I sincerely hope that the Coronation goes smoothly and enjoyably, and that the festivities go well in Northern Ireland as well as elsewhere in the United Kingdom and the wider world.

Lord Caine Portrait Lord Caine (Con)
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My Lords, I am grateful to those who have contributed to this short but well-informed and important debate on the regulations before us. As seems customary on these occasions, I thank the noble Lord, Lord Murphy of Torfaen, with whom I concur on virtually everything he said. He and other speakers, including the noble Baroness, my noble friend Lord Rogan and the noble Lord, Lord Browne of Belmont, rightly paid tribute to the legacy of Her late Majesty Queen Elizabeth. Like other noble Lords, I was privileged to be present at some of those historic occasions; for example, the handshake in the Lyric Theatre in 2012 during the Diamond Jubilee tour of Northern Ireland. Like my noble friend Lord Rogan, I was also present at Bushmills on that day in 2016 when Her late Majesty unveiled the statue of Robert Quigg. It was a poignant and moving ceremony.

I agree also with what has been said about His Majesty the King and his deep commitment to Northern Ireland. Without in any way going into private conversations, I think we can all be confident that His Majesty will do everything to maintain the marvellous legacy of his late mother, whose ability to bring people together from across the community divide in Northern Ireland was a remarkable achievement. I am sure that will continue under His Majesty.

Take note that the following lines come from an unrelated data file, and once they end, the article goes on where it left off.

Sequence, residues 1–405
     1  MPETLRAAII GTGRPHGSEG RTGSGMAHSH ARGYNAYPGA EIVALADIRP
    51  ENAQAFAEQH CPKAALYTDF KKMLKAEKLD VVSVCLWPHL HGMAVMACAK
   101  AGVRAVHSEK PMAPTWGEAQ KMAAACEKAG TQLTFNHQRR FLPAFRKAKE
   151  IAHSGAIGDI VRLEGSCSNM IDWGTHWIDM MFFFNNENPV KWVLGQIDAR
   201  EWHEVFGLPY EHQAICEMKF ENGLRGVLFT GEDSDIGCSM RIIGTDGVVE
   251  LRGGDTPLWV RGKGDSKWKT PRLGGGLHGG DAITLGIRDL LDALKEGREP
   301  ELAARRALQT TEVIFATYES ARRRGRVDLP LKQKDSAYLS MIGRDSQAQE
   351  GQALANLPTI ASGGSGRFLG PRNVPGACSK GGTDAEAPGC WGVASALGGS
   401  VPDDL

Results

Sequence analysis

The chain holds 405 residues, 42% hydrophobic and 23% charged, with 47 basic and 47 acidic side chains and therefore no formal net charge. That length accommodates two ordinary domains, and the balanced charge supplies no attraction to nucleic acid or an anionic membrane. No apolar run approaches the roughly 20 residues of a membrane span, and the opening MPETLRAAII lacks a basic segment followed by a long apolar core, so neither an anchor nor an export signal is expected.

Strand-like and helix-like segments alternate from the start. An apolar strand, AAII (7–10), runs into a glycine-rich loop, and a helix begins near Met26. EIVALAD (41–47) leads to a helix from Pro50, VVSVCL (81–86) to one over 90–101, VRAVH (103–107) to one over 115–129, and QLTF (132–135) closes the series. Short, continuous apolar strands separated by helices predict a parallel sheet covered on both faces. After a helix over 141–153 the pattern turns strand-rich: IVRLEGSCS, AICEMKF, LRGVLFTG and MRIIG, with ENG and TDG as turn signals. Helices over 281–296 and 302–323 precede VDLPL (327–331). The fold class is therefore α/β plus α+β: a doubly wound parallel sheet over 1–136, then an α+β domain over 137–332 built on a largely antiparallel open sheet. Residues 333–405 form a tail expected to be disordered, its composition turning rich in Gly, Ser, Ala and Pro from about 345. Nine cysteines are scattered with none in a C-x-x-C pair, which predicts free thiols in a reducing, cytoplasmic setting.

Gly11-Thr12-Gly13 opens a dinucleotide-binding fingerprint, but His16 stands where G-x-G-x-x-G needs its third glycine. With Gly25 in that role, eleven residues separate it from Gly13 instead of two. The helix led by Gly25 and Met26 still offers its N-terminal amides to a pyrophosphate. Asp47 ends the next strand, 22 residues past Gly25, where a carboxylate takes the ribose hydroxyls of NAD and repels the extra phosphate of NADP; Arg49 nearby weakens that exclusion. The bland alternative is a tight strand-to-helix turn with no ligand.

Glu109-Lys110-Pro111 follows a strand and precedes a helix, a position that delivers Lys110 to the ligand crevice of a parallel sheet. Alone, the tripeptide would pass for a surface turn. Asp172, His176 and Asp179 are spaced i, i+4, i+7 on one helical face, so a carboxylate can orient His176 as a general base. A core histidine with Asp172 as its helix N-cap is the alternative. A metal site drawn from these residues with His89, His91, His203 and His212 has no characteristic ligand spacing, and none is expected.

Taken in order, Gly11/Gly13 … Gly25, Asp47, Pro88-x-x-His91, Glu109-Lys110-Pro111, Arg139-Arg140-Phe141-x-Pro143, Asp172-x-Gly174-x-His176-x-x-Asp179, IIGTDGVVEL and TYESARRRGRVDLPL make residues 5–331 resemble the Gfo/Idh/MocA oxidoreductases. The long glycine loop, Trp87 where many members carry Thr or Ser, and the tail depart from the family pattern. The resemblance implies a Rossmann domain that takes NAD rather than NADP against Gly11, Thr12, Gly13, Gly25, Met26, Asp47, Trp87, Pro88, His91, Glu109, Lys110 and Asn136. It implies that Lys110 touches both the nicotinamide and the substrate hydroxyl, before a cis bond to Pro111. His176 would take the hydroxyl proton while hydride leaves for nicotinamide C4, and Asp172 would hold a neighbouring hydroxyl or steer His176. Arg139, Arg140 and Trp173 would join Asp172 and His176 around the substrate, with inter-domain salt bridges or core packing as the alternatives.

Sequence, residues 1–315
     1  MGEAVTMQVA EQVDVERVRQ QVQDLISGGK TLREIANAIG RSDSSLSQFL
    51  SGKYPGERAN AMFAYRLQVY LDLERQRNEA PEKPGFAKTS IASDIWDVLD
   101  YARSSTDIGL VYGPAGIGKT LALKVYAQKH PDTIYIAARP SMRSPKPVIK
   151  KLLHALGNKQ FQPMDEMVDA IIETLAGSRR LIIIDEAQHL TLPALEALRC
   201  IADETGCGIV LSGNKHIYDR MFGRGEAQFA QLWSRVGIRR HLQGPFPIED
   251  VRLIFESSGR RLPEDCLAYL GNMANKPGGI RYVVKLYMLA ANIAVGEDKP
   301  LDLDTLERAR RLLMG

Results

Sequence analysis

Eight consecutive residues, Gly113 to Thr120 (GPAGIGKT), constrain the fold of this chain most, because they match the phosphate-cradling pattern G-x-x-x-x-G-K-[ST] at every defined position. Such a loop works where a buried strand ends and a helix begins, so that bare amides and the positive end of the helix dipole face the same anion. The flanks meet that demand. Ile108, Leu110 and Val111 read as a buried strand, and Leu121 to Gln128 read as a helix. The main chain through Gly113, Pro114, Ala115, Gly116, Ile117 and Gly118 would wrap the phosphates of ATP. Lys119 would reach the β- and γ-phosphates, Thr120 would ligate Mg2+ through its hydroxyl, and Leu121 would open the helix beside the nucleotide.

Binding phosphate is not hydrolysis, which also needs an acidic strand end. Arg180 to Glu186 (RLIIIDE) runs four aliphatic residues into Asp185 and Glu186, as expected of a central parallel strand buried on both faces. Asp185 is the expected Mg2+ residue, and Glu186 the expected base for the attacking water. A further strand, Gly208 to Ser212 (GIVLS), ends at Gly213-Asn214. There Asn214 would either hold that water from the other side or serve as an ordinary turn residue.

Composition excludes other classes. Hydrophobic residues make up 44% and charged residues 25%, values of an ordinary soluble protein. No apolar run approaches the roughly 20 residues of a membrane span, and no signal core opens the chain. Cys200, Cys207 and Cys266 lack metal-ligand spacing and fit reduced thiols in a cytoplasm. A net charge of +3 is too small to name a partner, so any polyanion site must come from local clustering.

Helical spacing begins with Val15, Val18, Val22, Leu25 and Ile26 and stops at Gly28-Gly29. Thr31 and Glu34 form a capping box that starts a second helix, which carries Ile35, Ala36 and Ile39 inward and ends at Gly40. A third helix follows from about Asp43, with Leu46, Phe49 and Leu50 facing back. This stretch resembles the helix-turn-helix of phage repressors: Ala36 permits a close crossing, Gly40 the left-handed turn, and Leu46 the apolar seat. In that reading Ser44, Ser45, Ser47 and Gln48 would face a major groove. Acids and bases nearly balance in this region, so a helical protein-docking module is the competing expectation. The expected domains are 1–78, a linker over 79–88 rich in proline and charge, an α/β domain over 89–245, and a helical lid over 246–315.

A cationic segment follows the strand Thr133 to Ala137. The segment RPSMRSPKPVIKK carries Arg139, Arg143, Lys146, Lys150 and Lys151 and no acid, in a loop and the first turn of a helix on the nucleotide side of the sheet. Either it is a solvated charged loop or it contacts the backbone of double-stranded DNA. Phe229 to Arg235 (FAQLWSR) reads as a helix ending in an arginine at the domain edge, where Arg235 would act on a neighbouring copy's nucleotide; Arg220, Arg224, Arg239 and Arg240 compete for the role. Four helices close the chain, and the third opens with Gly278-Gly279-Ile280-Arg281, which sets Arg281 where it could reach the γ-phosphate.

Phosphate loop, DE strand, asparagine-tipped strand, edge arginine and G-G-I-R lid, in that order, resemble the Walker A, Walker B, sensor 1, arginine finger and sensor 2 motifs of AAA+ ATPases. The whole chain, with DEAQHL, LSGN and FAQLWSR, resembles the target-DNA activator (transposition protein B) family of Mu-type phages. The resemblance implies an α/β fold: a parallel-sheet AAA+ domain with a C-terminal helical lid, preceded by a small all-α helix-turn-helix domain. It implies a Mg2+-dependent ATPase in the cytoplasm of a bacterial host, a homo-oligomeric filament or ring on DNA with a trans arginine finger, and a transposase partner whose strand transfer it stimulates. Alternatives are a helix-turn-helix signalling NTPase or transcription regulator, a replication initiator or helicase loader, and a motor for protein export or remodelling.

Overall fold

I also agree, of course, with the comments from the noble Lord, Lord Murphy, and the noble Baroness, Lady Suttie, about the need to get the Assembly back up and running and this being an absolute priority. My noble friend Lord Rogan referred to the events of 25 years ago, with which he was intimately associated—as was the noble Lord who chaired strand 1 of the talks. He referred to the fact that we were together at Queen’s last week for some events to mark the 25th anniversary. It reminded us how important it is to get these institutions back up and running as quickly as possible so that we can start to build a Northern Ireland that works in the interests of the whole community there; that is the surest foundation for Northern Ireland’s position in the United Kingdom.

16:45
In respect of a couple of the questions that my noble friend Lord Rogan put to me, I think he raised the issue of a further bank holiday. As I said in my opening remarks, the changes made in these regulations are at the request of the palace so, in these circumstances, all the Government are doing is reflecting the wishes of the palace as communicated to us. However, I understand and take the point made by my noble friend; as I say, they are the palace’s wishes that we are reflecting in these regulations.